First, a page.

This Too Shall Pass

Pop artist Sinclair discusses identity, isolation, and acceptance ahead of her upcoming Pilgrimage Festival performance

Sinclair is in the middle of telling me how she left home and moved to Nashville when she drops a cigarette in her lap and derails the conversation. Standing quickly to survey the damage, she sees that the lit end luckily didn’t have enough time to burn a hole in her fabric, but it’s left a clearly visible spot of ash on her white sweatpants that she can’t wipe away.

“Jeez, my wife is going to be disappointed about that. Don’t tell her,” she says seriously for a second before breaking into a laugh. “No, she’ll definitely notice.”

Seated comfortably at the dining table in her one-room apartment downtown on Rolling Mill Hill, Sinclair stands out in her surroundings. Save for the flashy yellow pumps on her feet, she’s dressed in all white. The apartment, on the other hand, is filled with a vibrant array of colors and textures. It was eclectically decorated by her other half, a painter named Natalie. There’s a bright orange couch, a blue and green watercolor wall, and a sleek-looking rocking chair with a fuzzy white thing that might either be a pillow or a blanket. On the other side of the table, an unfinished painting sits on an easel.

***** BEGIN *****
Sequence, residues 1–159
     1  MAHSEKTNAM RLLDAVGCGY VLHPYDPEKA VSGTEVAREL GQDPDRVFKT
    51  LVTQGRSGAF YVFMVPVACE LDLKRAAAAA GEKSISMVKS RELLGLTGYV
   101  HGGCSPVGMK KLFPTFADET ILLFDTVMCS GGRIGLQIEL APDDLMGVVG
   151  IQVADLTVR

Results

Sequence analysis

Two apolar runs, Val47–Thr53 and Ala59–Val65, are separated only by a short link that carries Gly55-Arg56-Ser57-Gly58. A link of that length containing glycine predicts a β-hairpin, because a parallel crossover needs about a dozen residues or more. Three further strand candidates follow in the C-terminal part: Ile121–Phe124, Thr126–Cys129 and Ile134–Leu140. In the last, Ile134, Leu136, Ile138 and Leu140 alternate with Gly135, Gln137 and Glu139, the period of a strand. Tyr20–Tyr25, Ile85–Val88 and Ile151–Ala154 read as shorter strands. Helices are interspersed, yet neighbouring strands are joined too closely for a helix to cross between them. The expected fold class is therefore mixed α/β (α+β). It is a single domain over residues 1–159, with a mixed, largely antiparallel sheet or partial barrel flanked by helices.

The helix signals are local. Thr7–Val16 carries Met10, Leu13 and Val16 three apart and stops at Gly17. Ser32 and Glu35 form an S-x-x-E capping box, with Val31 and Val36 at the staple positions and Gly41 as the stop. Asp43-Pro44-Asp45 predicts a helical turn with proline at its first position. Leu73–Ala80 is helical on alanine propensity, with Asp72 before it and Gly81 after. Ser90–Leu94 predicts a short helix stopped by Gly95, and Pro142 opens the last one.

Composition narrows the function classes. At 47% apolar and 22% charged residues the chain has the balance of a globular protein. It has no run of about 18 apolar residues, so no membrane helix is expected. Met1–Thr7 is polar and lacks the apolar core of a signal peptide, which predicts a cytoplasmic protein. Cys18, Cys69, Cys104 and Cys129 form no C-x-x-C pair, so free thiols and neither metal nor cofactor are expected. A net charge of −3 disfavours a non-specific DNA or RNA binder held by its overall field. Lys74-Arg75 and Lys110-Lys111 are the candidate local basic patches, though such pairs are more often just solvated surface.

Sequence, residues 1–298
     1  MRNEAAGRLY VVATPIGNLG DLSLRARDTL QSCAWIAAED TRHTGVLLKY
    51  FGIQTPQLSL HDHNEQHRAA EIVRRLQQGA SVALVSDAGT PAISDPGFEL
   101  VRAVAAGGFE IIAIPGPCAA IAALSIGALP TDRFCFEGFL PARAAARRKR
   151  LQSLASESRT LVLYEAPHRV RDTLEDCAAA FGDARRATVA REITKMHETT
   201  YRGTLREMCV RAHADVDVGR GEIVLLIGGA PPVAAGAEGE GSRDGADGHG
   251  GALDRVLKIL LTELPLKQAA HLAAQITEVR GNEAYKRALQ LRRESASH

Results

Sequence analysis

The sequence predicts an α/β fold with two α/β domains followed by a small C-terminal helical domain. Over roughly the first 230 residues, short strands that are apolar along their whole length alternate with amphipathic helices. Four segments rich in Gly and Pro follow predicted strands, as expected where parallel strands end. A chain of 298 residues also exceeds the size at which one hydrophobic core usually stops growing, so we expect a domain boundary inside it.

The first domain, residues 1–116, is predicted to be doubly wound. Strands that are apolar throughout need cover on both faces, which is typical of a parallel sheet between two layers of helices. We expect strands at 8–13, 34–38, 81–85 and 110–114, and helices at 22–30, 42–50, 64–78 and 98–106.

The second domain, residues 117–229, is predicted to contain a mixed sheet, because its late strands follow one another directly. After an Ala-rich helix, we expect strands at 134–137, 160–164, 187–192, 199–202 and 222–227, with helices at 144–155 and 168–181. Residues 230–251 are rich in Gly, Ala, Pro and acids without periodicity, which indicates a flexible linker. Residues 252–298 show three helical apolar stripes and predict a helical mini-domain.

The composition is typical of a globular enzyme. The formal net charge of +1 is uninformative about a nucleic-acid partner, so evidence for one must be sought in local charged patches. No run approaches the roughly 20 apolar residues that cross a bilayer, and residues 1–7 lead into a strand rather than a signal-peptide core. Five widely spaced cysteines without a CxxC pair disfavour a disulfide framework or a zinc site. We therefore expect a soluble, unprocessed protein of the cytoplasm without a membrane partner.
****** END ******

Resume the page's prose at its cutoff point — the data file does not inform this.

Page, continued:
“Where was I?” she asks, brushing her pants one last time before realizing the futility of her attempt and moving on.

Sinclair was born the sixth of nine kids to musically minded parents in a tiny town in upstate New York called Madrid. Raised in an extremely conservative and religious household, she was homeschooled alongside her siblings from kindergarten to twelfth grade. Her exposure to other beliefs and worldviews was limited, but her musical education certainly was not. When she was only five or six, she heard her older sister playing a famous Bach fugue on the family piano, and her passion was ignited. According to her parents, she climbed up on the piano bench herself a few days later and, using only her talented ears and trial and error, she found Bach’s melody.

“Music was running around my mind at an early age,” she says.